The Turn

by Steven Kessler

In the world of transformational inner work, there’s a phenomenon that is often called ‘the turn.’ It is the time when the main goal of a person’s life shifts from the usual one of pursuing pleasure and avoiding pain to the deeper one of seeking truth. It’s usually a gradual shift, not a sudden one, and very few people ever do it. The idea of doing this never even occurs to most people.

After all, who doesn’t want to avoid pain? This is one of the first and most profound things we learn in life. First, we learn to avoid physical pain, and then we learn to avoid emotional pain, as well. And alongside learning to avoid pain, we learn that we like and want pleasure.

This tendency to seek pleasure and avoid pain seems to be fundamental to human nature. Our bodies do this from birth and our minds soon follow. It is a survival instinct.

So why would a person want to change this practice? In inner work, the answer is that people make this change when they see that there is something more important and more valuable than avoiding pain and seeking pleasure. When I was a student in the Diamond Heart meditation school, that more valuable thing was referred to as the Truth, meaning the direct perception of the objective truth of one’s self and one’s experience. The turn, in that context, referred to the inner shift from pursuing pleasure and avoiding pain to seeking the Truth. Such a deeper experience of your self might include experiencing your self as presence, as love, or even as value.

When does a person experience the turn? Not at the beginning of inner work, unfortunately. We all begin therapy or meditation or any self-improvement path to feel better, that is, to feel less pain, rather than to discover the truth of our self. In my 40 years as a psychotherapist, I have seen that most people enter therapy to decrease their pain and then leave therapy as soon as their pain has dropped to a level they can tolerate. That is the only motivation most people can imagine for pursuing inner work. And perhaps this is stage-appropriate. After all, we each have to develop a strong, healthy, cohesive sense of self before we are ready to go beyond it.

And then, even after we discover that a deeper experience of our self is possible, we usually want it because we believe that it will feel better that whatever we’re feeling now. Some people have had a personal experience of something more. Others have only read about it in a book. But, however they’ve encountered it, its appeal is usually still about pleasure and pain, in that they believe that experiencing it will bring them inner bliss or power or some protection from harm. It seems that it is not until a person has had some direct experience of their own deeper nature – even a fleeting one – that abiding in that state begins to be more important than avoiding pain or seeking pleasure. And perhaps this is also stage-appropriate.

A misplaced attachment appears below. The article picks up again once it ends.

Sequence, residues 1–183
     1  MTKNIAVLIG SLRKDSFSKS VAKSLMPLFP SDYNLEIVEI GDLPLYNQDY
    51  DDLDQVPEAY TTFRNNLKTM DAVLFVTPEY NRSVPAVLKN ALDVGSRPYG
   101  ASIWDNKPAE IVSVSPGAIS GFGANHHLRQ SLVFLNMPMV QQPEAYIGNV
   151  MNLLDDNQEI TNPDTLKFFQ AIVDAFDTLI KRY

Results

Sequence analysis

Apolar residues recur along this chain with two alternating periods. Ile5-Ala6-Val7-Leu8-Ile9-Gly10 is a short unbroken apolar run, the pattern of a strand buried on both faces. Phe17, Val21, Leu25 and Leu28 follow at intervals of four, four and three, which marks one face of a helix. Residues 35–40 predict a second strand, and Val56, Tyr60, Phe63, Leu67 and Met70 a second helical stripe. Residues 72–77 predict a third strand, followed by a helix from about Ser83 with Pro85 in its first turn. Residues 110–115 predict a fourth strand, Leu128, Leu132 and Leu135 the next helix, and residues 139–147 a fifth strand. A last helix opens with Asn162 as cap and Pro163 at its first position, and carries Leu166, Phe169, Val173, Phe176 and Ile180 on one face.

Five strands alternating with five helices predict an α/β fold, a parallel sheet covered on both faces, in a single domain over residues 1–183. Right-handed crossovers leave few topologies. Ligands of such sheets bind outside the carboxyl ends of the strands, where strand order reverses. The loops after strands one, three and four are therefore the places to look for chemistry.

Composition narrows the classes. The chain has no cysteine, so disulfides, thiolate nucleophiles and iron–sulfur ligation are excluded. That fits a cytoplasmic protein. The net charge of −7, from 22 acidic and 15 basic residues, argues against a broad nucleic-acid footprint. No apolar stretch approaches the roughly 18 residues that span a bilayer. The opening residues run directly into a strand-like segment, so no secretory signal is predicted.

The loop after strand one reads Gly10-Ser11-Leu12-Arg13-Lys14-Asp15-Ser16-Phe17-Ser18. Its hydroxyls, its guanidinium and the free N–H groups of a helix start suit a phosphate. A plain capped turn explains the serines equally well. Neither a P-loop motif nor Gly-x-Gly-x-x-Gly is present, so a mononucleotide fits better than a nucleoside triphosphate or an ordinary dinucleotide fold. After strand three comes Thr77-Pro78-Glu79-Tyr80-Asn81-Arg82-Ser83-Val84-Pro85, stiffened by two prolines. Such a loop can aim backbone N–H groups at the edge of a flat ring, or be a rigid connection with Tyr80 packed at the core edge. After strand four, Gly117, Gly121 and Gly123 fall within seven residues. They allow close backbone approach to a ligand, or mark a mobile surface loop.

Here, I want to add a word of caution. When we become aware that there is this possibility of choosing a deeper path but that most people have not chosen it and don’t even know about it, it’s easy for us to slip into judgment about the situation. If we personally haven’t yet made the turn, we may feel we are inferior to those who have. If we have made the turn, it’s easy to think that this makes us superior.

To get out of this judgment, let’s go back to the idea that everyone has been born into this life to learn by first experiencing problems and then solving them, but that we cannot see what lessons someone is here to learn, so we don’t know what problems they need to encounter. This brings us to the question, “How can we know what’s right or wrong for someone?” Maybe others are right where they need to be, even if their path seems strange to you. Maybe their path in this life does not include wanting something deeper, so they aren’t looking for it. Or maybe they don’t yet feel safe enough where they are to turn to something deeper. Maybe their path is right for them, yours is right for you, and we can be on different paths and also each be in the place that is right for us.

  • Brilliant. I love the last part. It opens the way to so much compassion for ourself and others. Thank you for all this wisdom.

  • This is an interesting work that resonates with me on many levels. Seeing the patterns in not only myself, but also in others.

  • As I was reading, I was hoping to hear your personal experience story of when you made the turn, what was your first experience of the deeper nature within. When you first tasted it, who was your teacher, what was the life pain that you felt “better” moving away from, etc. But in general, your elegant analysis is profound and will enrich me for the rest of my life in the simple essay above, as you have explained behavior on 2 levels so simply. Thank you.

    • I agree that Steven’s analysis is elegant and, for me, it demonstrates that he has turned without needing to tell me with whom, or how he did that. My turning happened when I read a particular book; namely, Scott Peck’s “The Road Less Travelled” in which he declaimed that “Life is a series of problems to be solved”. And that is confirmed each time I read something along similar lines.
      I’ve gained insight from those authors.

  • Hi Steven,

    Your article underlines for me:
    1. How unique our life path is for each of us.
    2. Our awareness of depths in our experience of living does not insulate us from life’s challenges, nor does it give us a guarantee of what happens in our lives.
    3. The mystery of life is to be lived, not necessarily understood, though it may help us to make sense of our lives from a perspective that seeks to learn and be whoever we need to be —-and realize it is the same for others, they’re being whoever they need to be.

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